With many of the usual contenders for the podium in Women’s WorldTour events recovering from the Tokyo Olympics, the women’s Donostia San Sebastian Klasikoa, which takes place on 31st July, initially looked like it could be a relatively open race.
That was until Annemiek van Vleuten announced she'd be racing it upon her speedy return from the Olympics. The undulating roads of the Basque country provide a perfect stage for attacks and should suit the Dutch rider perfectly.
The event didn’t go ahead in the truncated 2020 season due to the Covid-19 pandemic, but, in 2019, Lucy Kennedy took the win in the inaugural edition of the race. She attacked with 8km to go and held off the chasing bunch after an impressive display of teamwork by what was then, Mitchelton-Scott.
Kennedy is back to defend her title in 2021, but it's going to be a tall order to ride away from Van Vleuten on the steep gradients that the peloton will face.
Starting and finishing in the town of Donostia, the peloton will tackle an undulating 139km route that is likely to be well-suited to those who enjoy a tough climb. There won’t be much easing into the race, with the first classified climb coming after only 17km.
The big contenders might be keen for a breakaway to get a small advantage in the earlier stages of the race so they can save themselves for the tougher bergs as the race continues. The first climb, Aia, is 8km long but has a gradual average gradient of 3.7%. It’s unlikely to be decisive but could tire a few legs.
For roughly the next 50km, the road will be mainly flat until the category 2 Jaizkibel climb, which could be a crucial point in the race. It is 7.9km long at 5.9%, peaking with 90km to go. This may be too early for the main favourites to make their move, but it is sure to whittle down the group.
After descending down to an intermediate sprint point in Irun, riders will hit the 3rd category Gurrutze climb. Lasting for 2.7km at 5.2%, it’s simply a warm up for the savage category 2 climb, Alto de Murgil, that follows.
Although only lasting for 2.1km, the Murgil climb has slopes as steep as 20%, providing a perfect springboard for lightweight climbers to launch powerful attacks. In order to stay away and clinch victory, though, any brave chancers will have to navigate the technical descent and flat run-in to the finish that follows.
The notable absence of the, often dominant, SD Worx squad leaves the race more open than usual, giving some smaller teams the chance at a good result. Newly crowned Olympic ITT Champion Annemiek van Vleuten will lead Movistar, but she could be carrying fatigue following a long journey from Japan. This means her teammates like Sheyla Gutiérrez and Lourdes Oyarbide Jimenez could have an opportunity to take up the mantle. The Spanish team will want to secure a good result in their home race and have a strong roster of climbing talent.Image: Getty Images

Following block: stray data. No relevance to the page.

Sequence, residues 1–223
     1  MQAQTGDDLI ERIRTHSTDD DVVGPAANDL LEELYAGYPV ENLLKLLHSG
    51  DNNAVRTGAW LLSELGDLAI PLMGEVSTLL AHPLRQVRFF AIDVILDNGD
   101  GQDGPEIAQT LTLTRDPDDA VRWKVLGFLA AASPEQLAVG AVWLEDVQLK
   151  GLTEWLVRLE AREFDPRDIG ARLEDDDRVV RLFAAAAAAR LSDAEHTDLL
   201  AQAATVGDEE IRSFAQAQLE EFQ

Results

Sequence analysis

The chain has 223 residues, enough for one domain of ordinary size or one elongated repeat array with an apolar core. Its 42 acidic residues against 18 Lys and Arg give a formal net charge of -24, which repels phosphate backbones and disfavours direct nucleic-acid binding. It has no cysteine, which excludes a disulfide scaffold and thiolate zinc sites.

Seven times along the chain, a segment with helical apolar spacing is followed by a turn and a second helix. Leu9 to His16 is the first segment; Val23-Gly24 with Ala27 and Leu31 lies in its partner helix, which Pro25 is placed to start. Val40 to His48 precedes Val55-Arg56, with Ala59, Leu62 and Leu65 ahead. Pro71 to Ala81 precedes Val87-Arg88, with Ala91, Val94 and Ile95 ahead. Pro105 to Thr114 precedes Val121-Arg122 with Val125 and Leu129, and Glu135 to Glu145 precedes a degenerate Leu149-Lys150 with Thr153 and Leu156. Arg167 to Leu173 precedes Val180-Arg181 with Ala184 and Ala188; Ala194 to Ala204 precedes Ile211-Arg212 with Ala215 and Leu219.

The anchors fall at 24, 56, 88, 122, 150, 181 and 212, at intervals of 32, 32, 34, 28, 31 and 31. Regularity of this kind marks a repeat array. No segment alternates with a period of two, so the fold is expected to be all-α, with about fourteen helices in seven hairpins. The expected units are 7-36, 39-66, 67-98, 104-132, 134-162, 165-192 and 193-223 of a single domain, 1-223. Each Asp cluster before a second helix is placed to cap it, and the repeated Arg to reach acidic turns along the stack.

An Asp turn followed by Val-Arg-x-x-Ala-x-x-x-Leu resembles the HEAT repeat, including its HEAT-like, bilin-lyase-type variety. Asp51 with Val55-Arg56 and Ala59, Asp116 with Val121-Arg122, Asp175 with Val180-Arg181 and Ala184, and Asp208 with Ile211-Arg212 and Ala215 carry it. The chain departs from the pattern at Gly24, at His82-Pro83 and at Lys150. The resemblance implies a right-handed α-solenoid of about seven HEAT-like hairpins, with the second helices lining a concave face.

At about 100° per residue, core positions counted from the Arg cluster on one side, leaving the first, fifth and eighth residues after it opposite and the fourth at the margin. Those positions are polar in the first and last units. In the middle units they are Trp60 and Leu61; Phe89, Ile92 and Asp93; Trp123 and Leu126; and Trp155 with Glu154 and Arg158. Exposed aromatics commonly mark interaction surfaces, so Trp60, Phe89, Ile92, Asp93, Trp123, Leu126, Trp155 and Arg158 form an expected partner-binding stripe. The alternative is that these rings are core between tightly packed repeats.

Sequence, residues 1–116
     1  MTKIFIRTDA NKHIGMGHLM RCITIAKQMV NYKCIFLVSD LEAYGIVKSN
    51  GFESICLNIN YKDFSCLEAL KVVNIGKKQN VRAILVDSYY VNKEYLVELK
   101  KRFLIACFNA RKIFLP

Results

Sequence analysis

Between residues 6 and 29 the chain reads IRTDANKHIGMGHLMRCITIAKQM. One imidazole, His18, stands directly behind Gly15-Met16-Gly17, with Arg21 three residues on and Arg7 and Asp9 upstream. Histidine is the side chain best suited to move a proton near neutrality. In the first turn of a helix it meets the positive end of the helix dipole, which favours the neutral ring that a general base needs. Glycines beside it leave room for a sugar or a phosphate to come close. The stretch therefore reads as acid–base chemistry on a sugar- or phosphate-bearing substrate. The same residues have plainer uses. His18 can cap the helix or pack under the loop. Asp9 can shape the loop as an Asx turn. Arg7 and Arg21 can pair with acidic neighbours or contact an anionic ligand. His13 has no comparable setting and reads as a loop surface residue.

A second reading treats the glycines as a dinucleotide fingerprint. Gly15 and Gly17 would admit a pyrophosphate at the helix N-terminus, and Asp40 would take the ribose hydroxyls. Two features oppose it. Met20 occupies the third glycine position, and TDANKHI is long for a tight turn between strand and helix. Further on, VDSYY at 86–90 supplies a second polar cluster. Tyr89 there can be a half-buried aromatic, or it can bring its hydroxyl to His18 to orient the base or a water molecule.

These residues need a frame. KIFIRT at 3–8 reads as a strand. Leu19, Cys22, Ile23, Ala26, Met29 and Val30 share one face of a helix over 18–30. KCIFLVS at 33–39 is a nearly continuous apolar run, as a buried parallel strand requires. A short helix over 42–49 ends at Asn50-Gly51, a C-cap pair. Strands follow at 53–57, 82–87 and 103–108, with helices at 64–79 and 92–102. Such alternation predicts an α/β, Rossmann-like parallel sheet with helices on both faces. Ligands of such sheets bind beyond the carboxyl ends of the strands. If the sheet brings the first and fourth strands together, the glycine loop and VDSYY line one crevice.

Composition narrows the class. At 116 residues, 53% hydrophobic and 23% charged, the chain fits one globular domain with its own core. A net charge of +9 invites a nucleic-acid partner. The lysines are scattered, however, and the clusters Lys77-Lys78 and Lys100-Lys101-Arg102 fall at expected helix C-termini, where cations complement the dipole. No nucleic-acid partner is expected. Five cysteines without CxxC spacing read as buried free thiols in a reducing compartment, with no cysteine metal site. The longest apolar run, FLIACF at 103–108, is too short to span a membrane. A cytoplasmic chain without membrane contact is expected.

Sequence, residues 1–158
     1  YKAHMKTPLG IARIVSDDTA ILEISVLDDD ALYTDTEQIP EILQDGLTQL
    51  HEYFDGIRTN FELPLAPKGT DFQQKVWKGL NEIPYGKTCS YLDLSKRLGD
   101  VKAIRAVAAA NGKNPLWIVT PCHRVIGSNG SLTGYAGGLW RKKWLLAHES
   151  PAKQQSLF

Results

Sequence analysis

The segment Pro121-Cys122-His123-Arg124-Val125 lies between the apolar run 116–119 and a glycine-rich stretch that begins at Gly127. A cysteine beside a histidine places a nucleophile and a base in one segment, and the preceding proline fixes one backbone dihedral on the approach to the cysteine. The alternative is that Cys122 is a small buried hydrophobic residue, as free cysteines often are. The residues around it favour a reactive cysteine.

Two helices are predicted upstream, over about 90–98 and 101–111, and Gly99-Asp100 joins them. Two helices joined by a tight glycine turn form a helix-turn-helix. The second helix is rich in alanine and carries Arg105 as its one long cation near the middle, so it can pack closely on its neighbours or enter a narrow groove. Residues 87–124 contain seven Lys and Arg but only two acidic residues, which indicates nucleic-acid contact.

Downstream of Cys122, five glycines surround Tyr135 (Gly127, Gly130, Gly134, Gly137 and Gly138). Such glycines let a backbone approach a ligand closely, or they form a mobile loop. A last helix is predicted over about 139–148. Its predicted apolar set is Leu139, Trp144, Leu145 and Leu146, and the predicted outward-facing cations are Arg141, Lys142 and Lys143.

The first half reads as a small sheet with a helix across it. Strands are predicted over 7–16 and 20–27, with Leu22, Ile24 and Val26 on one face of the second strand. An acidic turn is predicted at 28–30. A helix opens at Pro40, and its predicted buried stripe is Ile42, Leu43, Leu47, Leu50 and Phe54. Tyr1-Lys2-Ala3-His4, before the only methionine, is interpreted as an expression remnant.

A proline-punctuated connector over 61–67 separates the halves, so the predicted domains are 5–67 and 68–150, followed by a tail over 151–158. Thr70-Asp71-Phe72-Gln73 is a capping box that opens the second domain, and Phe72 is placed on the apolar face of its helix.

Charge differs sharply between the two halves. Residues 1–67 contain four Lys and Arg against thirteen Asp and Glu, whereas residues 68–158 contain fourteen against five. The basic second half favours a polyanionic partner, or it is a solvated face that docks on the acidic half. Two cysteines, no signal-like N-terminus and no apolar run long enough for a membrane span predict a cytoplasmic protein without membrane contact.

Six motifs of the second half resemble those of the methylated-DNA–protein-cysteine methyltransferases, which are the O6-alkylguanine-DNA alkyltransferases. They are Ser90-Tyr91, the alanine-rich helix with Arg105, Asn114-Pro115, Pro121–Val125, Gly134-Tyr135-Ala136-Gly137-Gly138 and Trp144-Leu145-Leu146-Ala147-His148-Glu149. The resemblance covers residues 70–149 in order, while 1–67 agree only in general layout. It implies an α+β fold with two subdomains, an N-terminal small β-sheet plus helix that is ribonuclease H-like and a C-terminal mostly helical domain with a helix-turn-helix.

BikeExchange are without their usual leaders in Amanda Spratt and Grace Brown. However, they bring defending champion Lucy Kennedy who took an emphatic win in 2019. She's just returning from injury, though, so it could be that her teammate Ane Santesteban will lead the team. She also knows the Spanish roads well and proved she is in good form in the Navarra Classics last year, securing three top-10 places. Their teammate Janneke Ensing finished 3rd in this race in 2019, too.
Audrey Cordon-Ragot narrowly missed out on selection for the Olympics and voiced her disappointment about this. She’ll be hoping to make the best out of a bad situation at Donostia San Sebastian Klasikoa by securing a good result. She’s supported by the likes of Ellen van Dijk who, although not suited to the hilly parcour, will be an asset in the earlier parts of the race. Trek's Ruth Winder is another rider racing after Tokyo, so it will be interesting to see how she manages the fatigue after what has surely been a tiring few weeks for the American.
Image: Getty Images
Liv Racing also will have a strong team of climbers and the young team have been knocking on the door of a big result. Soraya Paladin could lead the team, but Pauliena Rooijakkers has also shown great strength in hilly races so far this season and finished third in this race in 2019. French national champion Evita Muzic will be a big contender from FDJ Nouvelle Aquitaine Futuroscope, finishing 3rd in the youth classification at the Giro Donne a few weeks ago.
Erika Magnaldi of Ceratizit-WNT will also be hunting a result this weekend, proving her climbing prowess when she finished 5th in stage 2 of the Giro Donne. Kathrin Hammes will be a great asset to Magnaldi, she knows the race well, finishing 8th in 2019. Alice Maria Arzuffi could lead Valcar Travel and Service and can climb well if she is in form. Eider Merino of A.R Monex could also upset some of the plans of the WorldTour teams, she has shown time again that she can keep up with the best on tough parcours.
Tatiana Guderzo of Ale BTC Ljubljana finished in the top 10 overall at the Giro Donne so is also another contender for a podium finish. Her teammate, Sophie Wright, also excels over mountainous terrain. Anastasiia Chursina also finished 4th here in 2019, so could lead the Ale BTC squad.
We expect fireworks, attacks and surprises with the undulating terrain providing perfect springboards for riders to go for the win solo, as Lucy Kennedy did last year. Annemiek van Vleuten is the obvious choice for the win, but we're not sure how she will recover from her exploits at the Olympics.
With this in mind, we predict an underdog to take first place in 2021. Soraya Paladin has been up there with the strongest riders throughout the Women’s WorldTour, and has a plethora of impressive top-10 results in hilly races so far this season. The attacking course suits her strengths and she’s also surrounded by a team of strong climbers, meaning Liv Racing could have numbers come the decisive moments at the end of the race.